As this recipe is posted on line, I felt free to re-print it here; I do include the link below. This is a hearty, but heart-healthy salad that could serve as a main dish or a side. If you’re taking it to someone’s house, put it together and dress it when you arrive so the melon doesn’t “melt” around the edges. For Weight Watchers, leave salad plain and let each guest dress their salad. The devil is in the details, i.e. the vinaigrette.
Just for fun, I took this salad outdoors and photographed it in different parts of my garden.
arugula, watermelon, and feta salad
For the vinaigrette:
1/4 cup freshly squeezed orange juice
1/4 cup freshly squeezed lemon juice (2 lemons)
1/4 cup minced shallots (1 large)
1 tablespoon honey
1/2 cup good olive oil
1 teaspoon kosher salt
1/2 teaspoon freshly ground black pepper
For the salad:
6 cups baby arugula, washed and spun dry
1/8 seedless watermelon, rind removed, and cut into 1-inch cubes
12 ounces good feta cheese, 1/2-inch diced
1 cup (4 ounces) whole fresh mint leaves, julienned
Directions: Whisk together the orange juice, lemon juice, shallots, salt, and pepper. Slowly pour in the olive oil, whisking constantly, to form an emulsion. If not using within an hour, store the vinaigrette covered in the refrigerator. Place the arugula, watermelon, feta, and mint in a large bowl. Drizzle with enough vinaigrette to coat the greens lightly and toss well. Taste for seasonings and serve immediately.
Read more at: http://www.foodnetwork.com/recipes/ina-garten/arugula-watermelon-and-feta-salad-recipe/index.html?oc=linkback
So what did I think: A toothsome journey into a mix of textures –juicy, tender-chewy, crunchy– and ambrosial-briny tastes. While this salad has been around a few years and blocks, I hadn’t made it yet. Dave and I both enjoyed the luscious sweet, liquid watermelon juxtaposed with the citrusy-onion vinaigrette, peppery arugula, and salty feta. With a piece of toasted or grilled bread, perhaps, this would be a whole meal for someone without a huge appetite. Summery, summery contrasts! The more Dave ate this, the better he liked it. While maybe a tad skeptical at the onset, he ate a lot, and ended up saying, “This is definitely my kind of thing!”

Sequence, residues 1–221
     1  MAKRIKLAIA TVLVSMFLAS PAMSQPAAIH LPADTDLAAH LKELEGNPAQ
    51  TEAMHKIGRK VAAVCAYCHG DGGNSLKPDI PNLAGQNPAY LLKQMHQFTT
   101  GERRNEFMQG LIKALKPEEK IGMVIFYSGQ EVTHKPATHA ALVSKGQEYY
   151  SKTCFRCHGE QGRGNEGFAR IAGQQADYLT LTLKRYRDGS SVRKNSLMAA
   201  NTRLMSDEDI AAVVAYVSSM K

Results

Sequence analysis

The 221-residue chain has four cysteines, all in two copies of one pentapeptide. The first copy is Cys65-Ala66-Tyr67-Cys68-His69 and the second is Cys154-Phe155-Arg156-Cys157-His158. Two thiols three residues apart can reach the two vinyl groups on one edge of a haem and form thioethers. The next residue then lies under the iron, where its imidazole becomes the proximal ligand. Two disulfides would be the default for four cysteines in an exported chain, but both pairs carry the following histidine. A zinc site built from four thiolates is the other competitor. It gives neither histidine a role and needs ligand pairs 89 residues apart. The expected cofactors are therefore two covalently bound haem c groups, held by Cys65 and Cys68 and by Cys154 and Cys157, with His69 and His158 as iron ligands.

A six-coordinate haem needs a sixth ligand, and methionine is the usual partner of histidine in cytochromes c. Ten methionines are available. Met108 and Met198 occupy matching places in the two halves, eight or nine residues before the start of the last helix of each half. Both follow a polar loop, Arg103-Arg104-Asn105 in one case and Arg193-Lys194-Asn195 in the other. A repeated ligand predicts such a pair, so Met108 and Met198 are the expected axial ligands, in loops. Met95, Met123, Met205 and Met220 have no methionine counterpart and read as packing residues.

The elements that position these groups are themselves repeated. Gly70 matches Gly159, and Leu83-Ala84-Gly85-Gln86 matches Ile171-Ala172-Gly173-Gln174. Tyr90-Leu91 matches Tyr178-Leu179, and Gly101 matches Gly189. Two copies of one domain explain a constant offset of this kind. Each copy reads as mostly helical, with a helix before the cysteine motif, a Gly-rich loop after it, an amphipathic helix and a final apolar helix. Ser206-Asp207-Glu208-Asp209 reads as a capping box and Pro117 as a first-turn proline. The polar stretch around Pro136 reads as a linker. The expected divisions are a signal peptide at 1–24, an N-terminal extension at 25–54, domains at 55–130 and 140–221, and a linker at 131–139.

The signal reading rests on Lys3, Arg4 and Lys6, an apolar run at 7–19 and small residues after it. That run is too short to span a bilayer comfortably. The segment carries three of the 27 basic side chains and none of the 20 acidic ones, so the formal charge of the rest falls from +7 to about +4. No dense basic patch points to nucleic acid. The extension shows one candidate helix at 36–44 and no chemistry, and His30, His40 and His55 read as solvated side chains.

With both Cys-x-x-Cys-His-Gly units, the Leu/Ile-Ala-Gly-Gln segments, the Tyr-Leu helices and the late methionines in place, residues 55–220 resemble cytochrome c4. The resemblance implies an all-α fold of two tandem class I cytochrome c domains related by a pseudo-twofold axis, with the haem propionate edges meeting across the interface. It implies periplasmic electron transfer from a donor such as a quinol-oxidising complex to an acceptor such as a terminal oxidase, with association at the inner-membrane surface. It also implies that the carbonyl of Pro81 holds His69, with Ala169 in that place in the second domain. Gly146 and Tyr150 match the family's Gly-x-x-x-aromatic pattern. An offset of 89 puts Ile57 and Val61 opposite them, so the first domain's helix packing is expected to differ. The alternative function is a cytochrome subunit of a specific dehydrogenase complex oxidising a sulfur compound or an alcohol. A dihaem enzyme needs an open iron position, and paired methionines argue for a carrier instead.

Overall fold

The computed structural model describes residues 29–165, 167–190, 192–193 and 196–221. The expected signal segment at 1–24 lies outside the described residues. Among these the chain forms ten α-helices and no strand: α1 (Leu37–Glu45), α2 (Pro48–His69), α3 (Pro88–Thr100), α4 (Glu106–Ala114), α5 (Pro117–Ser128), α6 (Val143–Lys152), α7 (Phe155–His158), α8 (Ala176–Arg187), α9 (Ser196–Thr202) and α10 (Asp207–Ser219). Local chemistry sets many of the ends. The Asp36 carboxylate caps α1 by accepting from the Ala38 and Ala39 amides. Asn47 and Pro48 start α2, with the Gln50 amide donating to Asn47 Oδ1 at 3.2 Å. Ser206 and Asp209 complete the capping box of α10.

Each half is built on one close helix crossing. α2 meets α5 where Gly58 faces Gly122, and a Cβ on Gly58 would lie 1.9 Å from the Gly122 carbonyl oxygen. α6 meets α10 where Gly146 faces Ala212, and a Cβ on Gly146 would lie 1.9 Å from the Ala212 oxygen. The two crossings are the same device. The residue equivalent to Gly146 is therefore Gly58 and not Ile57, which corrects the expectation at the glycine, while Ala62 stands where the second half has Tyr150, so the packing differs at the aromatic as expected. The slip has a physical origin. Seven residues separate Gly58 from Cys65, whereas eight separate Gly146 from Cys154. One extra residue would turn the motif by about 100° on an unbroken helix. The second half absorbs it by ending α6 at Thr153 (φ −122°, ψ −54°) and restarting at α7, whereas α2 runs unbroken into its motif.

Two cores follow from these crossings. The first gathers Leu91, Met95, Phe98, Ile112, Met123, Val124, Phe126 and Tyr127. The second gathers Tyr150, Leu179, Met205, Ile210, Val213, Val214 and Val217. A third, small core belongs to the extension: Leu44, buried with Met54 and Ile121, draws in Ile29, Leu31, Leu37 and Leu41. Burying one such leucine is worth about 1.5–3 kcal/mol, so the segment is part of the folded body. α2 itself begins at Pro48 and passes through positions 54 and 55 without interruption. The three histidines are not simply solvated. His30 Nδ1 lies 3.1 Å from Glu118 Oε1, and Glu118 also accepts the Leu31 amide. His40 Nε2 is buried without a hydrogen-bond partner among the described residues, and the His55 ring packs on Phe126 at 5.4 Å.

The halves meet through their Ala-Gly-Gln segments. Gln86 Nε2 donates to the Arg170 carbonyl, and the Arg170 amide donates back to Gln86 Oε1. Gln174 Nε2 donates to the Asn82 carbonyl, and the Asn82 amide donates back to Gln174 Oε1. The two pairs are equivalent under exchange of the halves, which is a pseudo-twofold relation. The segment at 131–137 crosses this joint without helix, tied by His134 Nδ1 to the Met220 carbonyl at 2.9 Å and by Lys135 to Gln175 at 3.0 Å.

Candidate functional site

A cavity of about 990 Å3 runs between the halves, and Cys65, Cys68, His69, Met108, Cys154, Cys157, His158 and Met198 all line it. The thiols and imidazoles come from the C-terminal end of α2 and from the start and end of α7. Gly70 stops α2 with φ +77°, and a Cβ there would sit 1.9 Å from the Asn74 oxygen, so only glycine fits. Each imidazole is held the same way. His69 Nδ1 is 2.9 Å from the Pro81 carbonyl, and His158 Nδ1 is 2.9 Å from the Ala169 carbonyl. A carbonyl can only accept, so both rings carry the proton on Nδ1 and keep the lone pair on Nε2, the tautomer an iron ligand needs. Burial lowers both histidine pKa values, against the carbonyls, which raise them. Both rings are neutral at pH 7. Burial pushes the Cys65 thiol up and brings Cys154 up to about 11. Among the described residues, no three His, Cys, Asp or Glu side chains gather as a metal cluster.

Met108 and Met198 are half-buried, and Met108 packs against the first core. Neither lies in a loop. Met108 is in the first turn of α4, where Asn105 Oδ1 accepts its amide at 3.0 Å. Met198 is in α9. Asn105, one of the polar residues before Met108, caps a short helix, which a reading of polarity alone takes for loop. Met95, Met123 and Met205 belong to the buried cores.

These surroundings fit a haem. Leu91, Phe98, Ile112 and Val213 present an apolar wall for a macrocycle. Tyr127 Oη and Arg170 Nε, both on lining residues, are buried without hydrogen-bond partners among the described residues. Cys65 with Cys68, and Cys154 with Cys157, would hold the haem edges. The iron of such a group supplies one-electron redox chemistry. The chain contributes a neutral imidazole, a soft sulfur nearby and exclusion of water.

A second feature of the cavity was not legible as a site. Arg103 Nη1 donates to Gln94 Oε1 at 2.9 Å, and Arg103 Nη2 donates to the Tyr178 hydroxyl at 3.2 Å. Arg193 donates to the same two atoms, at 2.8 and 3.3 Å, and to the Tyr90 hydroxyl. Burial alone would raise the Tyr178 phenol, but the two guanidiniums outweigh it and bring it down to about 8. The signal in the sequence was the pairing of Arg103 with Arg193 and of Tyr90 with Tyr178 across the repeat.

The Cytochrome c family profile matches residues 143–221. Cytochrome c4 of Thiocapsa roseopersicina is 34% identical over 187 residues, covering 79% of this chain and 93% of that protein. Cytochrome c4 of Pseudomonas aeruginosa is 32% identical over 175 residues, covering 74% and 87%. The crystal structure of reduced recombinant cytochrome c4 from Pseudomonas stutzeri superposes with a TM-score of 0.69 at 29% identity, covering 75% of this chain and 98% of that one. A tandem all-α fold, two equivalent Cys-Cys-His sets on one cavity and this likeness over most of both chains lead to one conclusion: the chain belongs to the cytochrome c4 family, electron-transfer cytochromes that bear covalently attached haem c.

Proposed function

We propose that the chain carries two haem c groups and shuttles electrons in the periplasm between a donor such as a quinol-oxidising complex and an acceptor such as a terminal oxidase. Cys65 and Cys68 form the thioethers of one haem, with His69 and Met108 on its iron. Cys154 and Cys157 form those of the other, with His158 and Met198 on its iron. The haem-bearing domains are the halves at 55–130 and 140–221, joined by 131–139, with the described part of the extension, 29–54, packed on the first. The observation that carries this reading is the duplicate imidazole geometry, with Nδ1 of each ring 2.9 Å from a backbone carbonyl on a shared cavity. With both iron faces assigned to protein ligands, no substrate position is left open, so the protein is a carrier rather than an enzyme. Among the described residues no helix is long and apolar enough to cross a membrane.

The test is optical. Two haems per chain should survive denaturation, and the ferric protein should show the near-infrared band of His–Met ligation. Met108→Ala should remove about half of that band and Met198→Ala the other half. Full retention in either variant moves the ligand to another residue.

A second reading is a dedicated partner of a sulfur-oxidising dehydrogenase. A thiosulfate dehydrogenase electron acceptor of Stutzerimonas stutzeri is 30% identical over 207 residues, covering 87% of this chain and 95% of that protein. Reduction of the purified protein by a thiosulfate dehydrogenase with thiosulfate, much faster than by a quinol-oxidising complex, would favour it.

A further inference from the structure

What made the difference: Making this salad when Minnesota watermelon was at its peak made a world of difference. I also splurged on Spanish (sheep) feta — a square cut from the larger cheese in brine–and was really happy with the results. Ina’s instruction are to cut things into smaller pieces; I chose the lusher, larger cuts for grins and giggles. Why not? I like big wedges of melon. Instead of tossing the elements in a big bowl, I served the salad composed on a large platter so that the colors showed up a bit more. And, ok, I did use GOOD olive oil, as indicated. In fact, I used Ina’s favorite, Olio Santo. (California), available at Williams-Sonoma. In other words, one of Ina’s primary tenets — use the best ingredients you can afford in season — was proved totally valid. Shop well.
Alyce’s options: Try spinach, goat’s cheese, and cantaloupe in place of the arugula, feta, and watermelon.
If you’d like to try a similar salad of Ina’s that uses Parmesan in place of the feta and skips the orange juice, check here.
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On my Dinner Place (Cooking for One) Blog This Week:
Grilled Oregano Shrimp Caesar with Tomatoes and Crostini